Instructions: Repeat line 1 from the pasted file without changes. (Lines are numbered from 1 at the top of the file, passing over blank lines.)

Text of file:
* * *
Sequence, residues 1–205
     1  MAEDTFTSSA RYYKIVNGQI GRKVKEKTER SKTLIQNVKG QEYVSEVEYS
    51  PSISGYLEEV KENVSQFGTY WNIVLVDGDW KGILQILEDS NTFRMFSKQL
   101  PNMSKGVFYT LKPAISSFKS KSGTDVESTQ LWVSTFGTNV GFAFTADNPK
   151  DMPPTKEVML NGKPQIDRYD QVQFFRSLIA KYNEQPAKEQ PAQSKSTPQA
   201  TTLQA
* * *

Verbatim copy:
Sequence, residues 1–205